“I am thinking that we need to draw one of them out,” Illya says. “To the treeline. We can’t approach them when there’s no cover, when all of them could be alerted at once. But If you can draw one of them towards us, Gaby and I will be able to disable it enough that you will have the opportunity to interface with it.”

“The others will notice,” Solo notes.

“They will notice, but they are also programmed to remain in their sectors unless a full alarm is issued,” Illya replies. “It is standard Soviet security protocol for all of us.”

Solo looks at him sharply, but doesn’t comment. “All right,” he says. “I hope Soviet protocol’s in effect here, then.”

“So do I,” Illya mutters.

Gaby emerges from the woods with two golub wrapped tightly in her arms, tiny bursts of sparks spitting from their necks at odd intervals. “Visuals and audio are disabled, though mapping is still online,” she says. “Will that do?”

“It will have to,” Solo says. He takes one of them from her, and it resists for a moment, wings flapping with strange, aluminum susurrations until he pins them back down against the body. He examines it with something approaching distaste.

“Sloppy,” he says, peering at its underside. “Who invented these?” He works a thumb against the side of the golub’s throat until suddenly it quiets, sparks subsiding.

Illya shrugs. “Before my time.”

“Hmm. Well, no time to waste.” He pulls the familiar scalpel out of his jacket pocket and works open the silicon across his neck.

Illya averts his eyes.

“Right, I don’t want to overload it, so maybe...yes, let’s try this.” Solo pulls a thin wire from his neck and hooks it up to presumably a port hidden beneath the synthetic feathers. His eyes flare and the golub’s wings ruffle.

Illya turns to Gaby. “If this works, one of them will come over here to investigate. Can you climb that tree?” He points to a stout conifer on the edge of the clearing. It reaches up into the sky at least fifty feet, probably more.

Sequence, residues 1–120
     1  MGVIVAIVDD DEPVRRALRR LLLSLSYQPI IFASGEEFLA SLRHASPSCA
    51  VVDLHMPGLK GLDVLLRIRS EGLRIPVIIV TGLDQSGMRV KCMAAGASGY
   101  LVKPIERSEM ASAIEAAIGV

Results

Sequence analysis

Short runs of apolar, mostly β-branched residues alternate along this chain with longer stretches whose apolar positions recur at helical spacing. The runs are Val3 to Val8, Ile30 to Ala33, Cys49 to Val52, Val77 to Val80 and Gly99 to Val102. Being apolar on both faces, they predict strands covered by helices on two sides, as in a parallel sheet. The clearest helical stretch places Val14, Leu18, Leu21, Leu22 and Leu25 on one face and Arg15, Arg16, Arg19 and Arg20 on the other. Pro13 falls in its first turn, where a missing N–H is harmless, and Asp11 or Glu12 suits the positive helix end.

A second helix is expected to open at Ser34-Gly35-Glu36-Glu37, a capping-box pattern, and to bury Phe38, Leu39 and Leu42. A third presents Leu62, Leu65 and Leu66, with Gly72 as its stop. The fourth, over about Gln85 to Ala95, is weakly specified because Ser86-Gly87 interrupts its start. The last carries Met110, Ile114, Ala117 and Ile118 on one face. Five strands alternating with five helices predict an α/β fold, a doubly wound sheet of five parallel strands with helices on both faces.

Gaby eyes it, the way its trunk disappears into the shine of the sun, and swallows.

“Not a problem,” she says eventually, “I take the head, you take the legs?”

“Something like that.” He looks back out at the field, and the Marchers slowly patrolling around. “You’re too light for it to notice you immediately, but you’ll need to move with its head’s rotation to avoid discovery, or get too close to be seen very fast.”

It’s been awhile since Illya has seen a Marcher up close. Their lumbering gait doesn’t subtract from their danger. The first signs of rust on these hasn’t softened them, though it does indicate that Cuba has had them on their shores for some time. The dark dappling of water damage outlines the gun and cannon barrels bristling along their legs and flanks. Their specifications return to him like a familiar scent, the way home cooking is meant to evoke childhood, one distinct input fragmenting into a dozen recollections. They breach the surface of his thoughts with a shimmer of remembered static, and he has to flex his healing hand to remember himself, where he is.

He focuses.

Marchers: their targeting systems are top-notch and reliable to a fault, their always-roving, completely articulated discus-shaped heads removing any impediments to their peripheral vision. There are a plethora of reasons, he thinks, why they have become such a terrifying spectre within popular culture in the United States and indeed elsewhere. Their disquieting, owl-like ability to watch their own backs is enough to set imaginations running, but in combination with their size, the obviousness of their armaments…though he knows their power sources ultimately limit them (at least for now), in the moment they seem inexorable, tireless, cold even amidst the lush greens of the tropics.

He’s never taken one down in the field before. Endless practice, but never this.

“You’ve got to take out its peripheral vision first,” he says. “That means destroying or obstructing the rotating mechanism in its neck. It can be reached through a gap beneath the front of the head and neck, where it is able to tilt its head downward. A stone can be thrown into the gears there and begin restricting its movements. Pick a good stone— it will get ground down after a while, but better later than sooner.”

He can hear his voice change, become remote, as if it's coming from another person entirely. Gaby doesn’t flinch from him, though.

“At some point, it will sense something is wrong, and will try and dislodge you. This is when it will be most dangerous for you.”

“No kidding.”

He gives her a flat look, and then turns to Solo.

“Do you have anything that we could make into an electromagnet? Or better yet, two?”

Solo raises an eyebrow. “Strong enough to hold a Marcher? No. You’d need a Bitter model, and anything else I build even remotely close will almost certainly overheat and damage the Marchers to the point of noticeability before breaking entirely.”

Illya scowls. “Okay. How strong can you build a normal one?”

Solo huffs. “Strong enough to maybe disrupt internal mechanisms, but nothing drastic. Hand me that other dove , ” he says, gesturing towards it, the first one still connected to him and tucked under his arm. “I presume you want one with a single field, not some all-encompassing job? I’d rather not find myself unwillingly attached.”

Illya rolls his eyes. “If you please.”